It was a glorious day at the base of Blue Mountain.
The sky was blue, a slight breeze helped fight off the humidity and the course was in excellent shape.
Between work, family and various responsibilities, the chance to relax is not something that comes along too often. The best part though – was meeting up with friends we hadn’t seen since last summer.
The more seasoned golfers in the group have fancier clubs – one for every occasion.
Tough lies, sand traps and exiting the tall grass are special shots often requiring what one guy called his wedge. It was like a go-to-club when the going got tough and by the number of times the wedge was called upon it was a good thing he packed one.
Getting back into the swing after an overnight sojourn, the routine watching of news and election views returned. Part of the job some would say. Half asleep the “wedge” came up but this time it wasn’t about golf, it was about politics and the need to find a divisive “issue” to rally voters.
According to the broadcaster and her panel that night it would be up to the Liberals to find a wedge to beat back Conservative leader O’Toole who seems to be gaining favour in some opinion polls. The wedge, the wedge.
Over the weekend we received a report from Liberal fundraisers that indeed the wedge had been found – it would be O’Toole in his own words suggesting a willingness to investigate private options outside of universal healthcare. Long story short, the quote was paraphrased and Twitter has labelled it accordingly. Mischief on the hustings is nothing new.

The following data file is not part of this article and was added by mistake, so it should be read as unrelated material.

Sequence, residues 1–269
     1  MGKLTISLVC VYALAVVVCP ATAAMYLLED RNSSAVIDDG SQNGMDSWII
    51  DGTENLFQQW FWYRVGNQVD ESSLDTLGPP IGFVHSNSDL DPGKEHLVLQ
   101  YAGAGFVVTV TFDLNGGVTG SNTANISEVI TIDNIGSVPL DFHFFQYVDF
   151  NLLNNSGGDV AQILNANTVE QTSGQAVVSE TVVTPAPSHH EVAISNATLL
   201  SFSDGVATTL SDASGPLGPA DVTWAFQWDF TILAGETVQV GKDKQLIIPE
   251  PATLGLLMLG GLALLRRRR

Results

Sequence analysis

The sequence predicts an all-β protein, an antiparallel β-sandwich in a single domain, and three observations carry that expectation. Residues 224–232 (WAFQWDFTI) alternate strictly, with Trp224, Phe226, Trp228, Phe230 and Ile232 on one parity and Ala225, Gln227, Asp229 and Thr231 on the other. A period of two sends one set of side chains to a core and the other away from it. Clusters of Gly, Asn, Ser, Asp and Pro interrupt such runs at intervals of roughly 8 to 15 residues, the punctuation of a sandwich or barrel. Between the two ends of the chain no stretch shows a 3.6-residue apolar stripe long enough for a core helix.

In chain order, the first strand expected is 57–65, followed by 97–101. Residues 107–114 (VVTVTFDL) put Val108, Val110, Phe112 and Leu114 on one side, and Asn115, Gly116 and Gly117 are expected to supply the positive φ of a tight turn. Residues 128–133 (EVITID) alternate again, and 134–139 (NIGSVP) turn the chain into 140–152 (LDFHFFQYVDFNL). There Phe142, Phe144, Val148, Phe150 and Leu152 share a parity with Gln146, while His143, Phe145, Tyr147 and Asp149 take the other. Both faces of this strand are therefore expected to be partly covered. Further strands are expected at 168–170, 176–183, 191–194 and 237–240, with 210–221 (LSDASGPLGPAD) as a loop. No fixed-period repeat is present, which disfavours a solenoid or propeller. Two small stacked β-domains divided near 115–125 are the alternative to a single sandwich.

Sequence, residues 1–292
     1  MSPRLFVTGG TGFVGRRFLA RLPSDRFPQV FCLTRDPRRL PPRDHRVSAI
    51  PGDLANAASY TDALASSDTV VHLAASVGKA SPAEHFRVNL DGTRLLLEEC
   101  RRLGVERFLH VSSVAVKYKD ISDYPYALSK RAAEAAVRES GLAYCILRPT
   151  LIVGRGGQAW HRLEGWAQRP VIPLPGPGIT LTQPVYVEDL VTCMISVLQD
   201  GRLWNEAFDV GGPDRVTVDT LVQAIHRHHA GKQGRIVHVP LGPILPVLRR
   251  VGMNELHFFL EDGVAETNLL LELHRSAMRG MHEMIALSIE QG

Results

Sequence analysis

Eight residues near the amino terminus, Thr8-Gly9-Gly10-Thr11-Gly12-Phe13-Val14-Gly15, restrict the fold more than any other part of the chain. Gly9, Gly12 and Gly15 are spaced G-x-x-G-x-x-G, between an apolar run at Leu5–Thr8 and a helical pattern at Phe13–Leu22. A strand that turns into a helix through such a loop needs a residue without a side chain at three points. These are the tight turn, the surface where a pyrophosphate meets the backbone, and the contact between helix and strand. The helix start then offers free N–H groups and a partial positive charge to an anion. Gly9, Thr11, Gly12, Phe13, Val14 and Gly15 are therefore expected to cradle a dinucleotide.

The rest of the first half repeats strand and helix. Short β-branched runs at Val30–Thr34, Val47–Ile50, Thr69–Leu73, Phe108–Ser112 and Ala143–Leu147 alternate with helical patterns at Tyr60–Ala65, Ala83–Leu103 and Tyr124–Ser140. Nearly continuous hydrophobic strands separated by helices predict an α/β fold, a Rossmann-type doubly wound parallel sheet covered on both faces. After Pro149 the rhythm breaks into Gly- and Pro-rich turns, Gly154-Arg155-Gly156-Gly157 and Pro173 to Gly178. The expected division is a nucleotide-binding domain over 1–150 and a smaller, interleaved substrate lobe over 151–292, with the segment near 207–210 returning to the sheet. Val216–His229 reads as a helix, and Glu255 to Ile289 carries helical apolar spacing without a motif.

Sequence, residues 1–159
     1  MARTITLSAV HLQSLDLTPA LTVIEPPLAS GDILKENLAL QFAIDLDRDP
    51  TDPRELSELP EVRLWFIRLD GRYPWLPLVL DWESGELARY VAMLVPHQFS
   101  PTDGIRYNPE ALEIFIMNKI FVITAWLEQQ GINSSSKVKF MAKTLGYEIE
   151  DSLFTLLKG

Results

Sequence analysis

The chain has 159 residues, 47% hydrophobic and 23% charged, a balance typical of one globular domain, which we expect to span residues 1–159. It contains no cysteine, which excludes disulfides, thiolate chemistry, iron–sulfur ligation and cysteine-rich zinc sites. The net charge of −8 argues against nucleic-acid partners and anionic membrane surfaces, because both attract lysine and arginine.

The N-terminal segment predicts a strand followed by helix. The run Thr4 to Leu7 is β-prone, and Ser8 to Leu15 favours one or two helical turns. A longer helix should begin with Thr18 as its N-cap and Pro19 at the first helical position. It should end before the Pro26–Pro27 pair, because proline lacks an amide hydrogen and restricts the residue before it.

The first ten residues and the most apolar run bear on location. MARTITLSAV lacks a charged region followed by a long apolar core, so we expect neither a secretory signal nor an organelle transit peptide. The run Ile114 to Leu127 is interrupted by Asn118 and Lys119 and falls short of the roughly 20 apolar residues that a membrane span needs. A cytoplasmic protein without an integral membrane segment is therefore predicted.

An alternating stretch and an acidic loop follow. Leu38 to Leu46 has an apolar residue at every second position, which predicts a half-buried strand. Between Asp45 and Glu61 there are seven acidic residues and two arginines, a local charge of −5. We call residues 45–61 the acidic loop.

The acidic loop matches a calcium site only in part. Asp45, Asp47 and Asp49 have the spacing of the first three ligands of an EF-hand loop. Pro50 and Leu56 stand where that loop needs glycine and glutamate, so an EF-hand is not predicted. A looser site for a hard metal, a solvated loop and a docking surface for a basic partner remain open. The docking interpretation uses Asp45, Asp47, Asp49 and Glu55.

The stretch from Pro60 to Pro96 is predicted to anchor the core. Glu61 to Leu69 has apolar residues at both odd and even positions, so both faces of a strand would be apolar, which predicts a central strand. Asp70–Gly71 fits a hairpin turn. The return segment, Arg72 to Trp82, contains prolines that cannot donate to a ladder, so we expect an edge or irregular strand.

Old news as well, is the inability for serious conversations to happen. Any chance to debate or discuss is usually thwarted by the “wedge” – a ruthless club pulled out of the bag to get out of the muck. It is our belief Canadians deserve better and deserve a conversation on the future.
While this column started off fine and every intention was to avoid talking about the P or C word, we find it impossible. Health care – the wedge issue – is in perilous shape. The pandemic and Covid have proven that.
The lockdowns decried in recent months were in good part caused by a health care system with limited capacity. Yes, much of health care is a provincial responsibility, but the standard expectation of every Canadian should be similar, it should be universal. The funding to ensure a solid, dependable standard of care rests with the federal government.
If indeed there are ways to improve the efficiency of that system from a financial, wait-time and service perspective the conversation should be had. Fanning the flames of division may win elections and serve party interests, but it doesn’t do much for a citizenry looking for leadership.
Skip the wedge and get down to business.